Russo Brothers: The Two-Hour Hollywood Feature Film is Dying

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Russo Brothers: The Two-Hour Hollywood Feature Film is Dying

Marvel Cinematic Universe masterminds Joe and Anthony Russo have been making some rare public appearances lately, stirring hype for the just-wrapped follow-up to Avengers: Infinity War. There’s been lots of non-news for the geeks to salivate over, like the brothers’ decision not to reveal the film’s actual title just yet, but some of the most interesting comments have been about the film industry itself. In particular, the Russos have been commenting about the standard conception of the “two-hour” Hollywood feature as one that is on its way out. To quote the comments published in Deadline:

“The two-hour film has had a great run over 100 years,” said Joe Russo. “But it’s become very difficult to work in. … I’m not sure that the generation that’s coming up will see the two-hour film as the dominant form of storytelling.” The issue, he said, is the lack of surprise — even young kids can often guess the ending of a movie within its opening five minutes. Studios’ dogged allegiance to the feature, Russo joked, is akin to their executives saying, “Hey, we all love sonnets. Let’s just write sonnets for 100 years.”

The first impression from those quotes is to assume that Russo is talking about future MCU films such as the second part of Infinity War not being constrained by the idea that films more than two hours are too long for audiences. But the opposite could also be true—films that challenge the conception of “feature length” by being however short they need to be in order to tell a complete story. The Russo’s new “production boutique” studio, AGBO, will be focused on making smaller budget (around $10 million) features that will use their freedom and lower stakes to explore these kinds of deviations from the expected Hollywood norm. As Joe Russo put it:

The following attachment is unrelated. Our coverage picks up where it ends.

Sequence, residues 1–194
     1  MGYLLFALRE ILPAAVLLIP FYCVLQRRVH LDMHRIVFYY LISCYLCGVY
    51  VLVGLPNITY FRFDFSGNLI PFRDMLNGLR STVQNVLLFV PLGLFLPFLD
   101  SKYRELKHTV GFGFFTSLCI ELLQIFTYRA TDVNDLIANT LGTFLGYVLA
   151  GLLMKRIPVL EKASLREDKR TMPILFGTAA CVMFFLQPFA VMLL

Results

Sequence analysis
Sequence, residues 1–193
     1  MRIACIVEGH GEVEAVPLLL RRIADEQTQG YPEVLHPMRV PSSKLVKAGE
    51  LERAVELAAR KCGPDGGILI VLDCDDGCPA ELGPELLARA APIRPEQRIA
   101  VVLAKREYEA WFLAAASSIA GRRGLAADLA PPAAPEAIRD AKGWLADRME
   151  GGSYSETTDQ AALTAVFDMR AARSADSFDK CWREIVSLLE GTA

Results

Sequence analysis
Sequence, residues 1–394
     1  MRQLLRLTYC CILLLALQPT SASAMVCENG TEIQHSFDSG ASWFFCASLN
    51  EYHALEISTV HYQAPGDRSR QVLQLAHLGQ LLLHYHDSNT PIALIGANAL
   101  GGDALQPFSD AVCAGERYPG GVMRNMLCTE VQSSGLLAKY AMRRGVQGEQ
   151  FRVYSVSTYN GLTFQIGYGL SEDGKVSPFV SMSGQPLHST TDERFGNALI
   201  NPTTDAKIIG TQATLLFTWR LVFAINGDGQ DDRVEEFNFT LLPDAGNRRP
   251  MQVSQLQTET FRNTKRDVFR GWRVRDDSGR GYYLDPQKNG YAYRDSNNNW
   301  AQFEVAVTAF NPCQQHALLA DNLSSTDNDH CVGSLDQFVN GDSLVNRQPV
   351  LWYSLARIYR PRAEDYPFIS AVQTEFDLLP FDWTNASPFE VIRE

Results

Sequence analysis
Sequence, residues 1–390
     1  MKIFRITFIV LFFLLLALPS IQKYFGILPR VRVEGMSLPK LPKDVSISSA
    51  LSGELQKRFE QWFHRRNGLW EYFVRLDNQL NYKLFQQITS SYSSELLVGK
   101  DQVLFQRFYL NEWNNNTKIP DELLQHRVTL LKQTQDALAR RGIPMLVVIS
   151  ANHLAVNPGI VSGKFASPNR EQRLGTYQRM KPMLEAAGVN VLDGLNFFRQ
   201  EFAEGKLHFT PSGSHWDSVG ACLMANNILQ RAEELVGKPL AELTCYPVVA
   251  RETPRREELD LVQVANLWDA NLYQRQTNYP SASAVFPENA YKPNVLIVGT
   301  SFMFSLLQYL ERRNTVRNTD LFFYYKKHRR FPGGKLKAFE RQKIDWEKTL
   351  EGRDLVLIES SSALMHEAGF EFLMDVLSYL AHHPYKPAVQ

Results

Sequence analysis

“AGBO is I guess what [Frances Ford] Coppola was trying to achieve” with The Directors Company, a short-lived outfit he formed in the 1970s with Peter Bogdanovich and William Friedkin. Russo described AGBO as “an artists collective to create content that excites us” and “a company built around material that my brother and I are interested in.”

Russo certainly knows that the references to ‘70s independent film are probably the right way to get movie geeks salivating at the possibilities in play here. Upcoming AGBO films include the likes of Cherry, based on the memoirs of an Iraq War veteran who was imprisoned due to crimes linked to heroin addiction. In other words: This studio won’t be attempting to produce blockbusters connected to extremely profitable franchises such as Marvel Comics.

Could it be only a few years until the Russo Brothers names are appearing as “executive producer” above a slew of Oscar nominees, even as they continue to direct some of the most popular blockbusters in recent memory? We’ll see if the AGBO experiment pans out.

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